The sea can be a treacherous place for seals and other animals. Garbage, debris, plastic and fishing nets can get caught around their bodies, leading to serious injury and even death. Thankfully for a seal dubbed Lucky Star, a dedicated rescue team knew he was entangled in a fishing net and they would spend months in an attempt to free him.
14. Gray Seal
Surveyors from the Cornwall Seal Group Research Trust were working along the coast in England when they saw a heartbreaking sight: a gray seal who was entangled in a broken fishing net. The net was tightly wrapped around the seal’s neck.
13. A Star is Born
The surveyors had seen this happen all too often. Debris and trash pose a serious threat to seals. The surveyors named the seal Lucky Star as they pursued him. Their fear was that if he wasn’t freed from the net, he would eventually choke to death or get caught on something dangerous.
12. Lucky Star Swims Away
Lucky Star was not having it, however, swimming deep into the ocean to avoid capture. Although the rescuers were trying to save his life, he feared humans. The surveyors were disappointed, but they knew they needed to keep an eye out for him, because he wouldn’t be able to get out of the thick fishing net on his own.
Over the next several weeks, the team saw Lucky Star surface several times. But the seal always eluded them.“When he was seen, he would often be heartbreakingly just out of reach, either hauled out on offshore rocks or swimming in the sea where it was impossible to get him,” the Cornwall Seal Group Research Trust said in a release.
10. You Must Be My Lucky Star
Then Lucky Star finally got his lucky break. Although he didn’t realize it at the time, it was a break that had to happen for him to have a long and healthy life. Months of tracking the seal paid off. Like Madonna once sang, “you must be my lucky star, because you follow me wherever you are.”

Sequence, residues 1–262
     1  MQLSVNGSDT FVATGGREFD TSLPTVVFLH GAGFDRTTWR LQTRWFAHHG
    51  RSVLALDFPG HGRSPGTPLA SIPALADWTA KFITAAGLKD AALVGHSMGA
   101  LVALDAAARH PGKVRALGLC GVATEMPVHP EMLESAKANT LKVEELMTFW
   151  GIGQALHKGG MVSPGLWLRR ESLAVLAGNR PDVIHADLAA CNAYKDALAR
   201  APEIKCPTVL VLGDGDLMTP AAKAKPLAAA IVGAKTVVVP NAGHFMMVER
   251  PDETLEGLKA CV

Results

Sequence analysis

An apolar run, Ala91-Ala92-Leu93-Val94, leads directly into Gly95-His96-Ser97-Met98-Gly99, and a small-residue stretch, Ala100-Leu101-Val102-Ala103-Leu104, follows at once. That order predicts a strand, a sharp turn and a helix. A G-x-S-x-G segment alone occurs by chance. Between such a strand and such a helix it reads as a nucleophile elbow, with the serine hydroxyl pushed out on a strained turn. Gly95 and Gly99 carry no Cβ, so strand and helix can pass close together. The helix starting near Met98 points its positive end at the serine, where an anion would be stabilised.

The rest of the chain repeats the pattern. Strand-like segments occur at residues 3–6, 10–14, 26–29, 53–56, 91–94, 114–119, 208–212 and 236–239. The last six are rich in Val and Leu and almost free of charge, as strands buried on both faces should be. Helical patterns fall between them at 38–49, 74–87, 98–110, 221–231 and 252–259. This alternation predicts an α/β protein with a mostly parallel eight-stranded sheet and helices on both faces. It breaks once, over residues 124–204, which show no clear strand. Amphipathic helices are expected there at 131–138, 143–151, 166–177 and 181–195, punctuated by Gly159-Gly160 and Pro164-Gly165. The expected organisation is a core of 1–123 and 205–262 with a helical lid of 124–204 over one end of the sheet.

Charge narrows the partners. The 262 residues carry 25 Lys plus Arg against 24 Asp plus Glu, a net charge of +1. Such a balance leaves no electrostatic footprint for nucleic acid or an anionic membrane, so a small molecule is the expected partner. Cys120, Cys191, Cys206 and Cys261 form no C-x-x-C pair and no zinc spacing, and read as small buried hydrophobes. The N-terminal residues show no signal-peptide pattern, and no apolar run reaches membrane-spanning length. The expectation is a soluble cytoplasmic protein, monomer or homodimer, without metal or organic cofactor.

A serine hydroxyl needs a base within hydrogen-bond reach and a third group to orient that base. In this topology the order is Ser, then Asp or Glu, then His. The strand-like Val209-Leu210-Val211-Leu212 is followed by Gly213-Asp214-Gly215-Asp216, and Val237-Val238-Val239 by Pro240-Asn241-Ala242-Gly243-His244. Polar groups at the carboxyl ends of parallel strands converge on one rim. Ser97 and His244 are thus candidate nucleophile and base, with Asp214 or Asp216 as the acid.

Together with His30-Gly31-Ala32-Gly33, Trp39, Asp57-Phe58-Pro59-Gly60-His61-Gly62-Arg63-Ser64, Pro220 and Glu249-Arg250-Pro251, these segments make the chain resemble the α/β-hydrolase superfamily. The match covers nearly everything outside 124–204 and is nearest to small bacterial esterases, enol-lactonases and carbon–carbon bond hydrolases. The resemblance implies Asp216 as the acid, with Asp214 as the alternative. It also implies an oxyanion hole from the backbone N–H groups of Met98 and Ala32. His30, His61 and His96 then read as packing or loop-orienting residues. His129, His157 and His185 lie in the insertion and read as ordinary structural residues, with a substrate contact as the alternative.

9. Four Months Later
A stunning four months after they first saw him, Lucky Star resurfaced on the shore. A volunteer spotted him and alerted the other surveyors. Dan Jarvis and Sue Sayer rushed to the shore to see if they could finally capture the seal.
8. Freed from the Net
This time they were able to reach him. Jarvis was able to capture Lucky Star long enough for Sayer to cut him free of the ropes that were around his neck. That act saved his life, but the team wasn’t done taking care of this young seal.
7. Severely Wounded
Now that the fishing net was gone, the team could see that the fishing net had injured Lucky Star.”Underneath the net, a raw deep wound was revealed across the back of his neck that would have caused him a great deal of pain every time he moved,” the Trust wrote. After the net was removed, the healing could begin.
6. Time to Heal
Sayer cleaned the wound and gave the seal antibiotics. After making sure he was well enough to return to the sea, Jarvis and Sayer released Lucky Star. Now he had a new lease on life and he happily went back to his life swimming and sunning on the coast.
Entanglement is a major threat to marine life, with many dying because humans dump trash like bottle plastic in the water. Birds also become entangled with these hazards. That’s one reason the Trust wanted to speak out about the rescue, to raise awareness about trash in the water.
4. Raising Awareness
“I’ve watched this animal too many times and not been able to rescue him to allow him to slip away one more time. Winter is coming, and this may well have been our last chance to save him,” Jarvis said. “I was absolutely determined that we would succeed this time, and it finally felt like we had some luck on our side at last too.”
Jarvis and Sayer saved Lucky Star from becoming a statistic. “We were all overjoyed as well as relieved that we were finally able to save him from a slow and painful death,” Jarvis said. Lucky Star survived and thrived.
2. Drowning in Plastic
The Trust thought it was good timing to rescue Lucky Star on the same day that a BBC documentary about plastic trash, “Drowning in Plastic,” would be on TV. The program shined a light on the struggles of marine life around the world to fight the tide of man-made pollution.
1. Collecting Plastic
After releasing Lucky Star, the volunteers took the opportunity to do a two-minute beach clean. This brought up a big bag of plastic bottles, polystyrene and even pieces of plastic balloons, in addition to Lucky Star’s net. It was a grim reminder of how much work there is to be done to ensure a healthy environment for marine life.